An ocean away, another quartet who emerged from the wreckage of punk were also having a very good year. New Order had released “Blue Monday” in March 1983 and watched it become the biggest-selling 12-inch single of all time. The music that followed that year and next – the album Power, Corruption and Lies, and the non-album singles “Confusion,” “Thieves Like Us” and “Murder,” cemented them as the ultimate coalescence of post-punk guitar music and the emerging synthesizer and drum machine-driven dance scene. It also definitively thrust them out from the shadow of Joy Division, the moody, epochal band that 3/4 of New Order had founded, a group which had been seemingly poised to take over their corner of the world before singer Ian Curtis committed suicide in May 1980.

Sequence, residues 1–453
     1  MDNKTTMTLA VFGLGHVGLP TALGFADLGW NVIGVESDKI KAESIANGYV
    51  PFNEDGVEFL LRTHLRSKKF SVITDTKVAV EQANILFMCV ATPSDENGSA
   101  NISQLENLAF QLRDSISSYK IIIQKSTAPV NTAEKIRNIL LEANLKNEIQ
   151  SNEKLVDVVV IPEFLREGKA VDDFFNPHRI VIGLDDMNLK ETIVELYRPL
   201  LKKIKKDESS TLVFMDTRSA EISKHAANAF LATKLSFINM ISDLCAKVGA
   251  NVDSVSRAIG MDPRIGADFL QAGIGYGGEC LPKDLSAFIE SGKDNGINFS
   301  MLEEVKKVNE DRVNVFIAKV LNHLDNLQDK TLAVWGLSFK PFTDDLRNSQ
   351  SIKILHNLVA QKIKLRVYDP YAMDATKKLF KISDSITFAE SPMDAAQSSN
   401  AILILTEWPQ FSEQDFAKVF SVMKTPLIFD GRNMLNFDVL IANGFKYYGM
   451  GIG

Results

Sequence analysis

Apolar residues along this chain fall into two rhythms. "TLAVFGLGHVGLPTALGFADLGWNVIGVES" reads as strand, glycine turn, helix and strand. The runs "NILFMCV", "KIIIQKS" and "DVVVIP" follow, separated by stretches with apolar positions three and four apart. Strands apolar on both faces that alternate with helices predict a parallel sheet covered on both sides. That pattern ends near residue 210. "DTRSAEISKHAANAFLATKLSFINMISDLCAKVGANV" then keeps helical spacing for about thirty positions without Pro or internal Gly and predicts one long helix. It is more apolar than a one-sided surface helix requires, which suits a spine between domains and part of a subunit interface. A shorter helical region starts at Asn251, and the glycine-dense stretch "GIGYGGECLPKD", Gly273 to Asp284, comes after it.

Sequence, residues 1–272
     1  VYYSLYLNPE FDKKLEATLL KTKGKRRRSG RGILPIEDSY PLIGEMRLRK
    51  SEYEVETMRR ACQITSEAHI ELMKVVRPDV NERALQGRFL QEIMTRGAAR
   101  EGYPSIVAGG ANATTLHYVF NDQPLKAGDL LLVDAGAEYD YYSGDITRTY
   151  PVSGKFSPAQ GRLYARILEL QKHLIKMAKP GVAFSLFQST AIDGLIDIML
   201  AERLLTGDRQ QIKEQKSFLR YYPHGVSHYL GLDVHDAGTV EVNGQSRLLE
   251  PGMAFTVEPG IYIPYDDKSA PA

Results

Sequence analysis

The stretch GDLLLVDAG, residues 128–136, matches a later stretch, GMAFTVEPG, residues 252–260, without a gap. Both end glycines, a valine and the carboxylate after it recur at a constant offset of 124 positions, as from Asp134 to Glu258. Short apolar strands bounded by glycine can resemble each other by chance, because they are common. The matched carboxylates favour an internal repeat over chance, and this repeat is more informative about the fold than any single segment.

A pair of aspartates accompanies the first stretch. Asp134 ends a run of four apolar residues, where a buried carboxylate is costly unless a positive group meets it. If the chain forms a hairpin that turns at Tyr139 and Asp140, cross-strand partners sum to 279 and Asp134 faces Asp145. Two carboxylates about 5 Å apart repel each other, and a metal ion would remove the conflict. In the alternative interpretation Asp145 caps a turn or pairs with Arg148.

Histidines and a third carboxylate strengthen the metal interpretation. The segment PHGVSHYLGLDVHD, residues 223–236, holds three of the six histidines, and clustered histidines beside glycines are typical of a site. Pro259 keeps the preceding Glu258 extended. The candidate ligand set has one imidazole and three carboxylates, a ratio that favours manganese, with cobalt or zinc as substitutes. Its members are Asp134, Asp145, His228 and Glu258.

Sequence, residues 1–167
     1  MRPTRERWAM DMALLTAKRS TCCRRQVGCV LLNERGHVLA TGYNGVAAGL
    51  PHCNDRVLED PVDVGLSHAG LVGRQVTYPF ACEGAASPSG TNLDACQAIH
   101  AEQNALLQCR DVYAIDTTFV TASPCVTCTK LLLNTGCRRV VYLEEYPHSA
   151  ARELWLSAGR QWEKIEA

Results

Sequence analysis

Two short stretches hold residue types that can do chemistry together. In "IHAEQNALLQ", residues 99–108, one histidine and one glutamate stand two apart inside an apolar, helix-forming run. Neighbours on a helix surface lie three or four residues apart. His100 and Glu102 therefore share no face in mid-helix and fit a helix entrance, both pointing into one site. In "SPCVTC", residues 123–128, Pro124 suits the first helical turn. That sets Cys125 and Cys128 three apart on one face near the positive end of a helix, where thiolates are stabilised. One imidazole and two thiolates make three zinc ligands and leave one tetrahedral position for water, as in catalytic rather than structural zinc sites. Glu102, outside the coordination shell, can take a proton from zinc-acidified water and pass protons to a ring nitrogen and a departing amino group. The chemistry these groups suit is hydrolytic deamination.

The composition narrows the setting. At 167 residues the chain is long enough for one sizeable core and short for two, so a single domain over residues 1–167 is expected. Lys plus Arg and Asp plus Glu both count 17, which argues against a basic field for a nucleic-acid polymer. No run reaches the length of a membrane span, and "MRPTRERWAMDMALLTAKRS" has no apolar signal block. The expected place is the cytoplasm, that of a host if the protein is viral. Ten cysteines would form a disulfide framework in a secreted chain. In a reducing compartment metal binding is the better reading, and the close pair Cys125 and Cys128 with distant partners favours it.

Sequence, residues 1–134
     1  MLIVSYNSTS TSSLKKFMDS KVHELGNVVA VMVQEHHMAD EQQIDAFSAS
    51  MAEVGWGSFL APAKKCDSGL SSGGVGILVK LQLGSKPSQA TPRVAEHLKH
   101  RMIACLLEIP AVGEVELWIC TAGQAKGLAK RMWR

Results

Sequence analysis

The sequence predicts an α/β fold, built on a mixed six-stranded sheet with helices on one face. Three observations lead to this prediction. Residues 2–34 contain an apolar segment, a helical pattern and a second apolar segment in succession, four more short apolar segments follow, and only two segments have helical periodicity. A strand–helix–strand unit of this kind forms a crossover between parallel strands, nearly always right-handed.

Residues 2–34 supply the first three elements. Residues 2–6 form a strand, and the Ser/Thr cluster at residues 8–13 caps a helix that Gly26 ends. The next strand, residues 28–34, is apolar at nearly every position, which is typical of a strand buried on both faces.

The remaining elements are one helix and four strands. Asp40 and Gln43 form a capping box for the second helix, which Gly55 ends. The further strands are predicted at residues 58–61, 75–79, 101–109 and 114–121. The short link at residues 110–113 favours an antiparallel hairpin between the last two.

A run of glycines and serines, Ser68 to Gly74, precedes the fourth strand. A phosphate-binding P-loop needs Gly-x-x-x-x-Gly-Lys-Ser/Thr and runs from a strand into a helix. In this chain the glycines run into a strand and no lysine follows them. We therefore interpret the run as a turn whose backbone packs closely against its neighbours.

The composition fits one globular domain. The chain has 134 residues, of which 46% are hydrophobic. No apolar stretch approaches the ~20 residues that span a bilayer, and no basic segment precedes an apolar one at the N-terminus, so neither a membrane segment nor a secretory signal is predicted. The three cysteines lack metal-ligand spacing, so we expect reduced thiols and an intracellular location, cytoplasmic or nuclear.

If Talking Heads’ music in 1983 represented a reconciliation of punk alienation with the big tent approach of 80s boomer pop, New Order were still chilly and distant; their humor, when it appeared, was of the pitch black variety that belied their working-class Mancunian origins. Their third album, 1985’s Low-life, seemed like a capitulation of sorts: photos of the band, previously verboten, appeared on the album packaging, and two album tracks were released as singles (the band’s first 8 singles didn’t appear on an LP until the 1987 compilation Substance). The first single, “The Perfect Kiss,” is where Jonathan Demme rejoins our story – he was selected to direct the video.